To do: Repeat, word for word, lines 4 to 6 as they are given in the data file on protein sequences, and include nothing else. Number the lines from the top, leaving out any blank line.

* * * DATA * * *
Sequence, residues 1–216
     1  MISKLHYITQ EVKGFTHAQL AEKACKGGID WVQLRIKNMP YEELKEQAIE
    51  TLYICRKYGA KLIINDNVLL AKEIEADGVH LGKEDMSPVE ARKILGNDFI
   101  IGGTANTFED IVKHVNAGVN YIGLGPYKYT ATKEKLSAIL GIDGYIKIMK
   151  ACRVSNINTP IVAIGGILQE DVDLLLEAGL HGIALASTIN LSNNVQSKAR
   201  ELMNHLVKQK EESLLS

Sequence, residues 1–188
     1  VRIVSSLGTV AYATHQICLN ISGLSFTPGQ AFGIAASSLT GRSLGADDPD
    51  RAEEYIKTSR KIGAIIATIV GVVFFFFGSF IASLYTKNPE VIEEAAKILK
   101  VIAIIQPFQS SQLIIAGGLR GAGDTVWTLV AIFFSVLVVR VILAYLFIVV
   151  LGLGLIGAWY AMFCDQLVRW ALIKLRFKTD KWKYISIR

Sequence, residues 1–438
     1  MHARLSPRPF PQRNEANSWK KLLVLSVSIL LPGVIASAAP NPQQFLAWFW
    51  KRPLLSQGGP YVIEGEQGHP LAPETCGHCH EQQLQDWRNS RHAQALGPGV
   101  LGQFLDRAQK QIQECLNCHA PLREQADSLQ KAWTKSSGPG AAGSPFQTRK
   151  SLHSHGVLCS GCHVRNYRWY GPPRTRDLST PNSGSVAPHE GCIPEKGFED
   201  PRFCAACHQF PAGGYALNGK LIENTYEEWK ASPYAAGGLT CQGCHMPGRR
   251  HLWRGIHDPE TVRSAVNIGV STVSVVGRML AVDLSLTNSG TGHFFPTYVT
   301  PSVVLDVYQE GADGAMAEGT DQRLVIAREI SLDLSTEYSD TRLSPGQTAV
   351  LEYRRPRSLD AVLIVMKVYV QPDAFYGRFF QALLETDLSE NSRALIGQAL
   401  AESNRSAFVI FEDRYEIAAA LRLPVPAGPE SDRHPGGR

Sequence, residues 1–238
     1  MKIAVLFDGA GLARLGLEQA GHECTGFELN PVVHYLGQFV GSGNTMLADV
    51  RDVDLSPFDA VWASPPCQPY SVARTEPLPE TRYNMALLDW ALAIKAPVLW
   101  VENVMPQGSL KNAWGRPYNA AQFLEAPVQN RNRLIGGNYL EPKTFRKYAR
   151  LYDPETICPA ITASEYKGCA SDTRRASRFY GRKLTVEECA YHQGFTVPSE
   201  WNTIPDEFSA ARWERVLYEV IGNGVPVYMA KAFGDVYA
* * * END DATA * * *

   101  IGGTANTFED IVKHVNAGVN YIGLGPYKYT ATKEKLSAIL GIDGYIKIMK
   151  ACRVSNINTP IVAIGGILQE DVDLLLEAGL HGIALASTIN LSNNVQSKAR
   201  ELMNHLVKQK EESLLS